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Why and how to establish a fitness habit


Many researchers consider walking to be one of the healthiest types of exercise for individuals in general.



If the positive effects of exercise were in the form of a medicinal drug, it would be the most popular medicine in the world. Some of the scientifically proven effects of exercise are the following: Exercise helps prevent you from getting sick by increasing your immunity, helps you maintain and lose weight, increases your life expectancy, boosts your mood and, facilitates your daily movement as your stamina and cardiovascular health improves, reduces stress, prevents injuries, increases your lifespan, and for some individuals it is equally powerful as antidepressants in treating depression.


Starting an exercise habit was the single best decision of my life, and it most likely will be yours, too. It gave me happiness, health and taught me discipline. My daily routine was considerably more difficult before I started to exercise as even small physical tasks were overwhelming. I despised climbing stairs, sprinting to catch the bus – anything related to movement. I'm grateful and proud that I took up the habit as my daily life and energy now reflects that discipline I embraced over the years. Exercise also helps tremendously if you are looking to lose weight.



The best approach to begin working out


It took me several years before I was consistent with my routine. Starting is tough for everyone, but an often successful approach is a gradual progression instead of a jump-start. Establishing a new habit is about consistency, not intensity.


Always adjust your goals based on your fitness level and health. It is generally recommended to consult your doctor about exercise if you're concerned about it. Trying to establish the habit is what matters, not how intense the activity is. Many mistakenly start with running and promptly become nauseous after a small jog. Start with something more modest, like walking around the block for just five minutes. If you can do that consistently for 3–5 times per week, you've already experienced some success and consistency: Now you can up that number to 10 or 15 minutes per session, while focusing on the consistency and not the challenge. This gradual approach is a much more likely way to get your habit to stick.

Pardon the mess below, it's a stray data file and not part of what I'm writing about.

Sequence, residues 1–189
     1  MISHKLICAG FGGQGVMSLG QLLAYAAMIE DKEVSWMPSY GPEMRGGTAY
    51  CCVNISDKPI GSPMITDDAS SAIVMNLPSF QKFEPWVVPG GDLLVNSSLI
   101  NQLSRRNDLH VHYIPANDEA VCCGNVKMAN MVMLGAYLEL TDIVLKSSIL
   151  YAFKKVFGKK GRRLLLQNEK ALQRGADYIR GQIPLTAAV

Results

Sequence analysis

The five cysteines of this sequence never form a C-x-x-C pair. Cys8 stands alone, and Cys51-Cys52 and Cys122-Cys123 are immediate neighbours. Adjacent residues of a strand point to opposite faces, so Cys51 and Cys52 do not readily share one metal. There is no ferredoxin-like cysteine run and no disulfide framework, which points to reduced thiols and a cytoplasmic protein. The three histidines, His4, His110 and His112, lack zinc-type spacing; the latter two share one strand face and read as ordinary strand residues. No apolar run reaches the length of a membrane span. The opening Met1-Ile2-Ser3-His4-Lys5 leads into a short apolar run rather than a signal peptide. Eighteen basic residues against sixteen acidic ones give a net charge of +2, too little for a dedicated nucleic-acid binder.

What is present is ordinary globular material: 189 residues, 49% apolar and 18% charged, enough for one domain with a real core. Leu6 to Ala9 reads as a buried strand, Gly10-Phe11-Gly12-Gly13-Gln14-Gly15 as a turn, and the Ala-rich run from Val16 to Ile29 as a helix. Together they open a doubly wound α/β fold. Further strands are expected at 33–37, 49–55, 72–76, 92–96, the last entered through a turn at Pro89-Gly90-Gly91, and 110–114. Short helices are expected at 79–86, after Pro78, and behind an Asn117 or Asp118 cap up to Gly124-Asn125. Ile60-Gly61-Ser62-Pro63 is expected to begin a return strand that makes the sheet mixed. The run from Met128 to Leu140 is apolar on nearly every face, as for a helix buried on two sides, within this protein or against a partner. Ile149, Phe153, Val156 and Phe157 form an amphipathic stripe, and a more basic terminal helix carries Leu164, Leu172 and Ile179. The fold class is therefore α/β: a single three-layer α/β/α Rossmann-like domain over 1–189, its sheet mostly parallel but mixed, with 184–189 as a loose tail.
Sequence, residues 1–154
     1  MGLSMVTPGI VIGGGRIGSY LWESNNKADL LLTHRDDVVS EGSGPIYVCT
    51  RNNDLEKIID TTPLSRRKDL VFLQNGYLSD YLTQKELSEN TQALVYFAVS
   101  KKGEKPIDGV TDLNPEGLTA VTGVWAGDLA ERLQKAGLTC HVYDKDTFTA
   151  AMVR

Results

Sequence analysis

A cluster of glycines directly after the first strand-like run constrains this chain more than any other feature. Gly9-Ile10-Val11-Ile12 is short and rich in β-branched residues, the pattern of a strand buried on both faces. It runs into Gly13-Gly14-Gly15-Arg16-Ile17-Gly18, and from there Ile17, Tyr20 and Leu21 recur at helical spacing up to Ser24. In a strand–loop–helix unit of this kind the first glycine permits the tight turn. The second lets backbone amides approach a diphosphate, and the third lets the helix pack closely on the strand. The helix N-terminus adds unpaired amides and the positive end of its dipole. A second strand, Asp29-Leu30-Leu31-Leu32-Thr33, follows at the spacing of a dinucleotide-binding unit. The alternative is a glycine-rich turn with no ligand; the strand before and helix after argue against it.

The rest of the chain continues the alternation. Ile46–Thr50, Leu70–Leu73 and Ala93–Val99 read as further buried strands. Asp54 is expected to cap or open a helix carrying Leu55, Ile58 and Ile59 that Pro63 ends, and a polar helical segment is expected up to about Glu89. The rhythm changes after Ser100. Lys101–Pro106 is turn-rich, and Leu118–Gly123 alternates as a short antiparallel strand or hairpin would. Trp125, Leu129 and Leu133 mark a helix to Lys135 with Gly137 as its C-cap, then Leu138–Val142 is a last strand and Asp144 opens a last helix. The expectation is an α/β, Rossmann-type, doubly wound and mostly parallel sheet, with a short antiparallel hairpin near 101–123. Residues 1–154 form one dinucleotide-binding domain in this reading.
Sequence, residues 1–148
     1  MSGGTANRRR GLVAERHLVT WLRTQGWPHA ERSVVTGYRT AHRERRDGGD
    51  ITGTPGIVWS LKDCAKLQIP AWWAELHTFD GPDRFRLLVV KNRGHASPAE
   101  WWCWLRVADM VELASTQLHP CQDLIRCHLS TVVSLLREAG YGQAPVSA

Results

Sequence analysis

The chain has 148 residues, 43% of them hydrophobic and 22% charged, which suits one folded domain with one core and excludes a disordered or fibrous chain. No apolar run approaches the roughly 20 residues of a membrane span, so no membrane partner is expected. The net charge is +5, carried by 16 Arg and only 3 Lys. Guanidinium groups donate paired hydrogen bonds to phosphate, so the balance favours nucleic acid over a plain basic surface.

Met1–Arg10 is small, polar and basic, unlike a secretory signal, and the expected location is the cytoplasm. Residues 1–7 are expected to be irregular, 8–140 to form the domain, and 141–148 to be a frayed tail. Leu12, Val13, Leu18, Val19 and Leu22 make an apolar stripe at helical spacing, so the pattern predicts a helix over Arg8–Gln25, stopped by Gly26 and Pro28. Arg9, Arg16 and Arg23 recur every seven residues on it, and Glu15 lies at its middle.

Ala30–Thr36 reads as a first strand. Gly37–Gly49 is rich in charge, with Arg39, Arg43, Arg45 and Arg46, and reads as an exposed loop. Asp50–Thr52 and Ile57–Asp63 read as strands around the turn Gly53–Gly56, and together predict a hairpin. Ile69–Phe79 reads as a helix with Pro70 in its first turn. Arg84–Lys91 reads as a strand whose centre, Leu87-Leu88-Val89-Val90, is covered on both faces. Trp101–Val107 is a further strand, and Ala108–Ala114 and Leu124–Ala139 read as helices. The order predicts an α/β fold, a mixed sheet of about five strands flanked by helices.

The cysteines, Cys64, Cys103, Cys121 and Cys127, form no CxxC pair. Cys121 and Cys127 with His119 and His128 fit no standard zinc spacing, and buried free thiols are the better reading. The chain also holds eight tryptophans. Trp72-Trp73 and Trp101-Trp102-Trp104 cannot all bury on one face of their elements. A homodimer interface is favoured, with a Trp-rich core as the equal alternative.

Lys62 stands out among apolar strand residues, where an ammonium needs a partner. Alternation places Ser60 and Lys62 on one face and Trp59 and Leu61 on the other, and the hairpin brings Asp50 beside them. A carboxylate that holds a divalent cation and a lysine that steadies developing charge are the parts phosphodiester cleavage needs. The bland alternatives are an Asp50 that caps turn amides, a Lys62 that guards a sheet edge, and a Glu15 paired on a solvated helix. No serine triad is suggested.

Scientifically easier to start than most habits


There is one major advantage to building a fitness habit compared to other habits: It is a race against time for your laziness, as the endorphin spike effect greatly assists you with consistency the more you exercise. Your body experiences a potent endorphin spike after a workout (and its potency varies based on the intensity, duration and other factors of your workout): β-endorphin, a natural opioid, is secreted immediately after exercise creating a positive and strong exercise high. This exercise high becomes very addictive after just a few sessions, contributing to helping you establish the habit.



Additional tools to help you start your habit


Here are a few fantastic ways to help you with the consistency of establishing your exercise habit. First off, consider starting the exercise habit with a family friend, partner or someone else close to you. Having you both commit to it helps as you motivate each other and there is no longer an excuse to stay home if the other person is already going. This is an especially powerful method for people living in the same household or housing unit.


The second method is to commit to your habit financially: Give a reasonable sum (such as $150) to a trusted peer, like your parent or partner and tell them that they can ONLY give it back to you once you've established the habit. You now have a financial interest to start your habit, as you've "invested money" into it.